Zack Baltich – Freehand
I suppose that there’s a subtle difference between improvisation and noodling. Perhaps it’s all in the ear of the observer, but my theory is that novelty and surprise are what make the difference and helps turn a musician into a great improviser.
Now, this can only go so far. The fact that we acknowledge someone to have played a good string of notes, regardless of our musical training, is down to the fact that we’re used to hearing certain sequences. In other words, there’s nothing truly new under the sun. However, hearing the millionth guitarist improvise in the style of Jimi Hendrix is, for many, hardly something beautiful and otherworldly at this point since they’ve heard it done a lot of times before.
Zack Baltich makes use of his own excitement at finding fresh rhythmical combinations and dragging them through modern technology as a means to force an x-factor that straight, human playing would not be able to provide. Freehand, his improvisation using xylophone, percussion and arpeggiator pedals, works just like a great post-rock song. It moves slowly, charting new territories through the medium of sound.
MSPAINT – Post-American
Well, I suppose if there was one thing that the original post-punk groups did well, it was to create an atmosphere of dread and some twisted musical compositions that were equally alluring and off-putting. In other words, if the punk-rockers pretended to be nasty people, those playing in post-punk bands usually looked like folks out on a mad bender.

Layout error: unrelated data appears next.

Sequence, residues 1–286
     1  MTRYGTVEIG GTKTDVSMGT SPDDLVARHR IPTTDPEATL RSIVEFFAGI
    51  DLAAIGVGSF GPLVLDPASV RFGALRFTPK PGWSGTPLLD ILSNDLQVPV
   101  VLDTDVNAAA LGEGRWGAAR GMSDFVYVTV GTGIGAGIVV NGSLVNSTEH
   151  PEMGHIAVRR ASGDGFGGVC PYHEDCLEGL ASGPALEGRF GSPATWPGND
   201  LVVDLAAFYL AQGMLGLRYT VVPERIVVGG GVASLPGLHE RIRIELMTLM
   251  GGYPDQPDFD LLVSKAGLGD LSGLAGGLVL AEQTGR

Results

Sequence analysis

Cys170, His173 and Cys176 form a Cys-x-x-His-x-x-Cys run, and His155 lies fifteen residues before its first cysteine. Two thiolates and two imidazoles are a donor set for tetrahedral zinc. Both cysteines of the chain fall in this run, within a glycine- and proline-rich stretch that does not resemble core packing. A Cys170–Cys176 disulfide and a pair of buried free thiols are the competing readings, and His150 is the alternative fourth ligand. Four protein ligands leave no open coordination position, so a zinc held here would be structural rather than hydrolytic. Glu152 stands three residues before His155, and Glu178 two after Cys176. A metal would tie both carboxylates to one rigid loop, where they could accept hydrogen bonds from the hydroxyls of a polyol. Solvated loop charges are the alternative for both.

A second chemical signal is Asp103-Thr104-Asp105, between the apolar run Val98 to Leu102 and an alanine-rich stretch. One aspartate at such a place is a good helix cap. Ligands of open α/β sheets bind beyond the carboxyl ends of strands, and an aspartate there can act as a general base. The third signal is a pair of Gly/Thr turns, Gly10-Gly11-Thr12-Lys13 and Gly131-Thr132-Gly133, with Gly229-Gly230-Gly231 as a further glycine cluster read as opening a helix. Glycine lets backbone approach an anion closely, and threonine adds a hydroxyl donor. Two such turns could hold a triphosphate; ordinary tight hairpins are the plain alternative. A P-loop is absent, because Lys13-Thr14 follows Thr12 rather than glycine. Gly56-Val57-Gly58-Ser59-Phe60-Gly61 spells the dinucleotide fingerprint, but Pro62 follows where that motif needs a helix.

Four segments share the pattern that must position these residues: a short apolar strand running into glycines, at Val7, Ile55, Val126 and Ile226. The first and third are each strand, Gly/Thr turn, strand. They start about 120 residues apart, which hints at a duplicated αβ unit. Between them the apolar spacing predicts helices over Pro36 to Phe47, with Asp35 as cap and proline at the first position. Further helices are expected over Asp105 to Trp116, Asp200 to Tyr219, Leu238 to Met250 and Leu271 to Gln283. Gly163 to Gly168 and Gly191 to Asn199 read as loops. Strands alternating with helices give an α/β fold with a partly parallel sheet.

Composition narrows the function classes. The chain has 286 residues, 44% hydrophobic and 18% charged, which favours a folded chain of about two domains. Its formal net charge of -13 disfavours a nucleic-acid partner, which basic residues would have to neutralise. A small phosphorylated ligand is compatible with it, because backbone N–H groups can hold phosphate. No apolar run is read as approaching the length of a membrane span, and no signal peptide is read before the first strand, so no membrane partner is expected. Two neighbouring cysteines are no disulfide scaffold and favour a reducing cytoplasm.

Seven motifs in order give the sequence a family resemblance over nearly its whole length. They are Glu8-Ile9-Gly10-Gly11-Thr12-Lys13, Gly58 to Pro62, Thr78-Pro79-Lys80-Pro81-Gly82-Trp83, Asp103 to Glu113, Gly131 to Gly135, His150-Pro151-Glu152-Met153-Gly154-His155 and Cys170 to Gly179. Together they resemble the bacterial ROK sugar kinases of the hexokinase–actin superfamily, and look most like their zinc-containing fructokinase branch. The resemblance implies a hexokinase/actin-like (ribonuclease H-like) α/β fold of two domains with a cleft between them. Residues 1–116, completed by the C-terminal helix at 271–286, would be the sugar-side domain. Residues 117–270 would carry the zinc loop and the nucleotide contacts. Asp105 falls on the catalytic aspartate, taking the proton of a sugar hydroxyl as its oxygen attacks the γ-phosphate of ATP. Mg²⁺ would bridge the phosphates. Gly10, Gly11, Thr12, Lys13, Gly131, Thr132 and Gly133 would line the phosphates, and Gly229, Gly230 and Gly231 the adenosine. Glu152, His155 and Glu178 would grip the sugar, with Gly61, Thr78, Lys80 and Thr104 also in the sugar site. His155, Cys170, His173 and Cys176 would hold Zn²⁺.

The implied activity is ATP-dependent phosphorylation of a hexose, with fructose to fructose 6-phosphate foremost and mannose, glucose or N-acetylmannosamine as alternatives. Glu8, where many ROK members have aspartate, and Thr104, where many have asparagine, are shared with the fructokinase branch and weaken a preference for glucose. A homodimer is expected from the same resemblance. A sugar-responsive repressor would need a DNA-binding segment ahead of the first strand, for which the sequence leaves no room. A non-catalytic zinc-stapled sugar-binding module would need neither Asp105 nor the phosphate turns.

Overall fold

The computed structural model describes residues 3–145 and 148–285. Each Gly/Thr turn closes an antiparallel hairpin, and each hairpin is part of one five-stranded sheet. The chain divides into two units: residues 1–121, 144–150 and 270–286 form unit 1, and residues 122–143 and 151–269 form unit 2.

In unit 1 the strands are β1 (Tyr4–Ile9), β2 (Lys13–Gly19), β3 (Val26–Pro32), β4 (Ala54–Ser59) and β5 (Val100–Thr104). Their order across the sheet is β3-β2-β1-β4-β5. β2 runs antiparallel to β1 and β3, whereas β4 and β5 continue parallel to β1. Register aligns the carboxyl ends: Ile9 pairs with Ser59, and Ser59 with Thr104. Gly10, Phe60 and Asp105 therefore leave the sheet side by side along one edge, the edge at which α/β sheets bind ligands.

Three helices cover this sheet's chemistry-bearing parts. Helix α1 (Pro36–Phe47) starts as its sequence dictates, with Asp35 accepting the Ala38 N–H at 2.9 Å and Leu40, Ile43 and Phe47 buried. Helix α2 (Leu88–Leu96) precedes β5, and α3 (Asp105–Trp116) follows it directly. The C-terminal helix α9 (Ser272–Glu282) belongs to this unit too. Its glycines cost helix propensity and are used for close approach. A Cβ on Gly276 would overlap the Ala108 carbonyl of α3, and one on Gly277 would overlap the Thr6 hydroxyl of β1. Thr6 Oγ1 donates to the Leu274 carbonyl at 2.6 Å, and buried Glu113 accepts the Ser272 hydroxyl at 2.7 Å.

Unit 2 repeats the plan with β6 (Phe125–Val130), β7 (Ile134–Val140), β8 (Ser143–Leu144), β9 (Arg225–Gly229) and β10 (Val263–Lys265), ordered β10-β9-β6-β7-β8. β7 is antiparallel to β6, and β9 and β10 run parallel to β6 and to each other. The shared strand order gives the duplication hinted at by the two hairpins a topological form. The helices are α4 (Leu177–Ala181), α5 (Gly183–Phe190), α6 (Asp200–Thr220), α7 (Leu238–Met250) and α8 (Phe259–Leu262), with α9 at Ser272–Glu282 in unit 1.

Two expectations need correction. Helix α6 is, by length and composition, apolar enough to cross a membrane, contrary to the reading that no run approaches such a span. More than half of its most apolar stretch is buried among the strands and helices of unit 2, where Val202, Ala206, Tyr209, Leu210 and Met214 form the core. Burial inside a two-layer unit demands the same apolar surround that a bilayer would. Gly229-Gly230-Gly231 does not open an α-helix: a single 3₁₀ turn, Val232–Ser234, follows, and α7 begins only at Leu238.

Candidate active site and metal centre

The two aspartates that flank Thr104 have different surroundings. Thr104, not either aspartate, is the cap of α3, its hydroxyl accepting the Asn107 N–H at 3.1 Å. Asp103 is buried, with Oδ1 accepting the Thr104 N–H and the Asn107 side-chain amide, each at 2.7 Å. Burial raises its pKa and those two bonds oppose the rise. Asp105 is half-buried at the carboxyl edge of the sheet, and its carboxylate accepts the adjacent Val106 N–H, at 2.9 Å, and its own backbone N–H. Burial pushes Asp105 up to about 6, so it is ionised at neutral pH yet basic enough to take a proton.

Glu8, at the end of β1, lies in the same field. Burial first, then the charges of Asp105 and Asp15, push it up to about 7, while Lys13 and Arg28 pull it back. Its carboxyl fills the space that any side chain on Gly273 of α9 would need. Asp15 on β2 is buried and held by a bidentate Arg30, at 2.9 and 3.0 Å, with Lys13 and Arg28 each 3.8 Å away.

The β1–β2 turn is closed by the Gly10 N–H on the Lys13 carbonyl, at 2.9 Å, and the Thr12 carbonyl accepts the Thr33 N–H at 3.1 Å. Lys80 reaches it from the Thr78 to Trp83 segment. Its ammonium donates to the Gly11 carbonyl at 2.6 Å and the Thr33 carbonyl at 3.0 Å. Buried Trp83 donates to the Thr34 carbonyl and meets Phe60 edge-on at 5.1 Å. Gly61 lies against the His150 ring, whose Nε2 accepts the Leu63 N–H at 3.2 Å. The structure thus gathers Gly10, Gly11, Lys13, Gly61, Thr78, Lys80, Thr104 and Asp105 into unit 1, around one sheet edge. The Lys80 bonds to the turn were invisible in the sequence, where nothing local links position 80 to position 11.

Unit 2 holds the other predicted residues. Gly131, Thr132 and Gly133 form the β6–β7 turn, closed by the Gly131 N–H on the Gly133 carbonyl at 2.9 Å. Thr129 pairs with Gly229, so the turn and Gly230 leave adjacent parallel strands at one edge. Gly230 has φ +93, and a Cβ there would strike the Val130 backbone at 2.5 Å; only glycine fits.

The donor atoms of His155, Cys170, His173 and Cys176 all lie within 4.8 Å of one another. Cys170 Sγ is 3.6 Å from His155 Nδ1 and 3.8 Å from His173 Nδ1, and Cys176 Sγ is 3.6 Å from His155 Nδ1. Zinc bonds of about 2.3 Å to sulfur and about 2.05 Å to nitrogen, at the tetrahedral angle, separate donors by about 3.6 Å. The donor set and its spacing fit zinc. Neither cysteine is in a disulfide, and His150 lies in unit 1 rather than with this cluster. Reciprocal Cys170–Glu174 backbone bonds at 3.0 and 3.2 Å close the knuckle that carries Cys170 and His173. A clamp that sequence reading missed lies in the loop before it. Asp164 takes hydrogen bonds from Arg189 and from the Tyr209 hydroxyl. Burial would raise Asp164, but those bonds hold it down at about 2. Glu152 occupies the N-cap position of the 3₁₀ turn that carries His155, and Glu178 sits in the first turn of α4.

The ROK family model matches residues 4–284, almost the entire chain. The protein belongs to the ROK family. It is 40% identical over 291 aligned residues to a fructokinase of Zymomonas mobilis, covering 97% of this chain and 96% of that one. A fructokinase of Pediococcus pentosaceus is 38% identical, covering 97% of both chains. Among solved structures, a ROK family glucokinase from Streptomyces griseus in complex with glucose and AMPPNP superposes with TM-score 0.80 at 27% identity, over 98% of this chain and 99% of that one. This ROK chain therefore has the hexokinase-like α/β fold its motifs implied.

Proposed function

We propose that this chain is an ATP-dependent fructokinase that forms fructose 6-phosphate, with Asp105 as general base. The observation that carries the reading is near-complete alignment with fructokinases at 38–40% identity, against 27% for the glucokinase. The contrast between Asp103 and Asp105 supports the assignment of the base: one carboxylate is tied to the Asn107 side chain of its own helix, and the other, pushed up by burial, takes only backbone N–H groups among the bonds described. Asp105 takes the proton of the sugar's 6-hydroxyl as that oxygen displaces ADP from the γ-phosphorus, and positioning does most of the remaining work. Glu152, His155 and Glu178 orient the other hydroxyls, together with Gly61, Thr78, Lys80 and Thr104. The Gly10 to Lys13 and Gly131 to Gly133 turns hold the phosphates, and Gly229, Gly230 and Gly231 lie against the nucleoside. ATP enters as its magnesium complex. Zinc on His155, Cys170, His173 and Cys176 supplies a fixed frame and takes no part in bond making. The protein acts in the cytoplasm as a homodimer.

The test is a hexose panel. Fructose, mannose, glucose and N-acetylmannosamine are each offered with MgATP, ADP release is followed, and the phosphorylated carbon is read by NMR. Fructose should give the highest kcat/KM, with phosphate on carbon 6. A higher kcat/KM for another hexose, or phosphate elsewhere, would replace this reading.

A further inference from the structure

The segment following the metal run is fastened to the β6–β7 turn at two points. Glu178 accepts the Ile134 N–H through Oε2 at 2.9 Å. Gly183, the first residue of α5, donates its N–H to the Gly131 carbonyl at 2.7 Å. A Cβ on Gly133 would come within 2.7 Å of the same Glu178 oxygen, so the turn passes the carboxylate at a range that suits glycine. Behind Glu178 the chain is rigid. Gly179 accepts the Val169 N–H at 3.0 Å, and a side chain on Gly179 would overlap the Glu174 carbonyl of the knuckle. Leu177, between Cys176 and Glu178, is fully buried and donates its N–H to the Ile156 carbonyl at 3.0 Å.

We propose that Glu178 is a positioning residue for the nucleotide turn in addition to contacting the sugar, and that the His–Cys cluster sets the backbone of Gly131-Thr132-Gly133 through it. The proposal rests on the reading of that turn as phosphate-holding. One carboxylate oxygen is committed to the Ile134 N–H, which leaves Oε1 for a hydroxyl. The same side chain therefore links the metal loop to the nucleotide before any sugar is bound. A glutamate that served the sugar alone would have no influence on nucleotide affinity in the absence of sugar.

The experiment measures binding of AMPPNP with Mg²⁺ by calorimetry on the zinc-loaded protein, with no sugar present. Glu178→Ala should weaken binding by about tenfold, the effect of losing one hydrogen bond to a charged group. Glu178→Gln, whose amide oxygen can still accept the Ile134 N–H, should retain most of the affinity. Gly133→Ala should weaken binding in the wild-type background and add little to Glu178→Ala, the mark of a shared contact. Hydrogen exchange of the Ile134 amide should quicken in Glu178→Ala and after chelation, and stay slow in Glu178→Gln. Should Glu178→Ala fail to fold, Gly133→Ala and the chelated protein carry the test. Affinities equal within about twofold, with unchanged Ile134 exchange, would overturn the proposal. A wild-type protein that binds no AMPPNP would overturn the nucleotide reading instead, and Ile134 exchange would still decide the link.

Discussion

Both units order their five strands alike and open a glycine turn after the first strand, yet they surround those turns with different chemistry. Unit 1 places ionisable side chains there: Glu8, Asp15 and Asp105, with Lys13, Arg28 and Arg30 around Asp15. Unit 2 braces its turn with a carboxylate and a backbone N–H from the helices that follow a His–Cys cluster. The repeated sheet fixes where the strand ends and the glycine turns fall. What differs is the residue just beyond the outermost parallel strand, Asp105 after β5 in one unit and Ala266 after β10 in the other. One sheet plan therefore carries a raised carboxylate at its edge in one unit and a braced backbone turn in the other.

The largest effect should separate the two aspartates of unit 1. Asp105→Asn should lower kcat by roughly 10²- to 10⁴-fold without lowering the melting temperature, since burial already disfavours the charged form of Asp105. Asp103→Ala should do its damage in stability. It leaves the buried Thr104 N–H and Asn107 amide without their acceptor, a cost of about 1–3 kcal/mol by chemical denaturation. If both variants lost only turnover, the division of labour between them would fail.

Some of that level of aggression has gotten lost, and the revival of the genre has put an emphasis on style. Many of the newer “angry” styles are focused on stats like how low they can get their vocals or fast the guitar solos can be.
MSPAINT seem like a group of individuals that don’t much like pussyfooting around with trivial matters related to playing and presentation. In fact, they don’t seem to like anything a great deal, least of all other people. For these reasons, their rambunctious performance on Post-American is as gripping as someone holding a broken beer bottle to your throat.